Art

Autocollants: the public face of the activist

Author: 

Beth Redmond

I have designed a set of autocollants (political stickers, widely used in other countries but not until now in Britain: see here) which will be ready to be sent out with Solidarity on 10 December or by post.

There are seven designs, similar to that of the posters, and will be available for branches to buy for £8 for 40, with a discount for larger orders.

Buy a batch of the new Workers' Liberty autocollants, and get your socialist message out and about!

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William Morris in political context

Author: 

Michéal MacEoin

The William Morris exhibition Anarchy & Beauty at the National Portrait Gallery is well worth a visit for anyone interested in Morris, his art, and the late nineteenth-century socialist movement.

The William Morris exhibition Anarchy & Beauty at the National Portrait Gallery is well worth a visit for anyone interested in Morris, his art, and the late nineteenth-century socialist movement.

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The gothic reaction to industrial capitalism

Author: 

Luke Hardy

What have Karl Marx, Dracula, a modern robotic production line and St Pancras station got in common? According to Andrew Dixon they all have more then a touch of the gothic about them.

In this three part series, Dixon makes a convincing and fascinating case that the gothic sensibility has become a way of responding to and critiquing industrial capitalism and the urbanism, technology and pollution that comes with it.

A review of The Art of the Gothic, BBC 4.

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Between art and activism

Author: 

Luke Neal

As the Labour and Conservative parties staged their annual conferences, an exhibition entitled Politika: Art & the Affairs of the City was staged in a former cotton mill in Ancoats, Manchester.

Curated by the “insurgent art activist” collective Upper Space, 20 artists put on a programme of workshops, speakers and activities “to generate starting points for an answer, another view, in order to to sustain another ideology against consumerism and the disempowerment that it represents”.

A review of Politika: Art & the Affairs of the City, an exhibition staged in a former cotton mill in Ancoats, Manchester.

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Disobedient Objects

Author: 

Rachael Barnes

The Disobedient Objects exhibition at the Victoria and Albert Museum, London, emits a strange atmosphere. It is a curation of works, or “objects” which have contributed to social change, collected over the last three decades.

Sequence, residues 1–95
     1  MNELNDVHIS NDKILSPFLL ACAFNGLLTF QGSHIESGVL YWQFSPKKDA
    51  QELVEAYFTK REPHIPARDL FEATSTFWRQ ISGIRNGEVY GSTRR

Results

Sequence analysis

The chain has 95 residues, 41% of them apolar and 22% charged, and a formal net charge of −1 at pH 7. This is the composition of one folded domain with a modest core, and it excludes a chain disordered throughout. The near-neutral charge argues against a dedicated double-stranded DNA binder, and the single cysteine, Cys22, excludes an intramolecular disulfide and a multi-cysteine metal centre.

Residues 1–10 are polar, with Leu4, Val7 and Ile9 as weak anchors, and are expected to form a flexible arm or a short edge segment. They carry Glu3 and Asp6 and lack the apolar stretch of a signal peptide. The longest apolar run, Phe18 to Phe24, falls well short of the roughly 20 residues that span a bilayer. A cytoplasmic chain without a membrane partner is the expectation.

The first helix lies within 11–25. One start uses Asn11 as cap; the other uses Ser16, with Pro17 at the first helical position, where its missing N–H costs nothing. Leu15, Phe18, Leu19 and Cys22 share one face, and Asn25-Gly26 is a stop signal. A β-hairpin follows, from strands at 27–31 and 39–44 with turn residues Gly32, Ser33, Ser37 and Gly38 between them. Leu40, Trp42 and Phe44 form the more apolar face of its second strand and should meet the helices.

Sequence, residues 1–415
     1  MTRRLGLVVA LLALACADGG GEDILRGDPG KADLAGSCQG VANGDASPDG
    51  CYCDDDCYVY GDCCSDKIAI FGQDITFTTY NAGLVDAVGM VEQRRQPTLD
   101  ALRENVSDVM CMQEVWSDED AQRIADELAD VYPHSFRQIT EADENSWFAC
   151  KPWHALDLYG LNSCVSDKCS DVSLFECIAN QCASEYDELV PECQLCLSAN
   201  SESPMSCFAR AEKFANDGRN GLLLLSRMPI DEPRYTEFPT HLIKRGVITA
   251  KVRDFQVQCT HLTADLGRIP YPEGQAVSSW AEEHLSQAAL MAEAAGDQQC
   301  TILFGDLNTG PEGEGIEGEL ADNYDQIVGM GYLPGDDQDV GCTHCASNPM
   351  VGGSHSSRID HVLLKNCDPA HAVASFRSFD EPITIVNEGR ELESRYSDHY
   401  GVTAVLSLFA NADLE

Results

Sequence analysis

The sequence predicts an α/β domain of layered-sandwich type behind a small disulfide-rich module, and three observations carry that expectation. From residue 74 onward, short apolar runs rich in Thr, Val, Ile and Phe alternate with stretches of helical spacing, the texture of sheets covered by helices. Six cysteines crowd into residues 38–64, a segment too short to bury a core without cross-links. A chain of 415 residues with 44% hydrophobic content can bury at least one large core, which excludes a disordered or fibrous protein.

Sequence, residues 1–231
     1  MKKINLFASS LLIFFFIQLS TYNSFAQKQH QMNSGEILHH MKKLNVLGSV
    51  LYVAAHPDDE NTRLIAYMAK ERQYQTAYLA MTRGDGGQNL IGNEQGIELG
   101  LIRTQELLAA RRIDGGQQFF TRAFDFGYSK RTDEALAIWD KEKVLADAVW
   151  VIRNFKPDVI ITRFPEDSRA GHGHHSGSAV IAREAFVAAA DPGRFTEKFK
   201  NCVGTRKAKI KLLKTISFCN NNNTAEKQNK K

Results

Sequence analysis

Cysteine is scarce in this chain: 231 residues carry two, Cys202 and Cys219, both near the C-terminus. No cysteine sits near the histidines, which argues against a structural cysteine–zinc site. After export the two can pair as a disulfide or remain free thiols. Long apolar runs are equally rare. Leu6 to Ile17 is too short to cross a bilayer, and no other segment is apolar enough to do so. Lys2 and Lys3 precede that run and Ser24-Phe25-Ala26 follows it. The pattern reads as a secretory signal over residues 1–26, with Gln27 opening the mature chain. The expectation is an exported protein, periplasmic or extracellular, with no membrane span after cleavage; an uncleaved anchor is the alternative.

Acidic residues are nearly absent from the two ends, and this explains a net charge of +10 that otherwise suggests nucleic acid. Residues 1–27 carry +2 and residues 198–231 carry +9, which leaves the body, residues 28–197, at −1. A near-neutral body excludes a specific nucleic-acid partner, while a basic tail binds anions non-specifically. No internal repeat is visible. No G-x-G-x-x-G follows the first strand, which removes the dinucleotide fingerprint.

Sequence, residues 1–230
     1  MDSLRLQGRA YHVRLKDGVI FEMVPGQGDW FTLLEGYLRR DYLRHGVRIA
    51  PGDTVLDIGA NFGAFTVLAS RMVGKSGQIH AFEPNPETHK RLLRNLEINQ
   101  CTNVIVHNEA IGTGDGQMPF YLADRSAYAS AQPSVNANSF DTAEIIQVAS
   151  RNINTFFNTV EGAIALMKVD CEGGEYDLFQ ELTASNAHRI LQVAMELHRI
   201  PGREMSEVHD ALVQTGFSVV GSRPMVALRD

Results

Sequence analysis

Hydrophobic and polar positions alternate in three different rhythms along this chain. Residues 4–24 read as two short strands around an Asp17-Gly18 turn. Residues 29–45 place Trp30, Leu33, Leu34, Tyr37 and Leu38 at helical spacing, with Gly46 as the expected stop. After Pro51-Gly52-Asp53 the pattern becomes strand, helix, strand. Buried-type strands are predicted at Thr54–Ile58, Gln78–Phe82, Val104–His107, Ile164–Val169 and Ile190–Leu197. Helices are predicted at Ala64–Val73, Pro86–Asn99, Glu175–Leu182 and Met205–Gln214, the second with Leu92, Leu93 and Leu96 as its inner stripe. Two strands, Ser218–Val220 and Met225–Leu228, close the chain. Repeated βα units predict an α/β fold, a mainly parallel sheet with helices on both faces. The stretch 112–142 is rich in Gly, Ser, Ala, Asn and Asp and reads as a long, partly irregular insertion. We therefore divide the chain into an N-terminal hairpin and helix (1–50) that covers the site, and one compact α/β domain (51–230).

V&A exhibition of objects which have contributed to social change.

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Art and Anarchy

According to the curators Paul Gravett and John Harris Dunning and artistic director David McKean, the exhibition explores the British Library’s collection of comics and plumbs the depths of private collections, to show the history of British sequential art, as well as its writers and artists. It partially succeeds.

The curators wanted to show the political history of comics, the medium’s ability to subvert, and its role as a medium for analysing class, sexuality and ethnicity, not to mention the many occasions when it has become the subject of political battles.

A review of the Comics Unleashed: Art and Anarchy in the UK exhibition at the British Library.

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"Left-wing cartoons and comics offer unique view of mid-20th century"

In an article originally published by the Labor and Working-Class History Association in the USA, labour historian and expert on socialist and radical cartoons and comic art Paul Buhle reviews Workers' Liberty's new collection of socialist cartoons.

This review was originally published by the Labor and Working-Class History Association, and appears on their website here. To orders copies of the book, click here.

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All that is solid melts into air

Jeremy Deller is a populist artist in the best sense of the word.

His 2012 retrospective was entitled ‘Joy in People’ and his works are often concerned with everyday life and the things people do with their leisure.

A review of ‘All that is solid melts into air’, an exhibition by Jeremy Deller at Manchester Art Gallery and touring.

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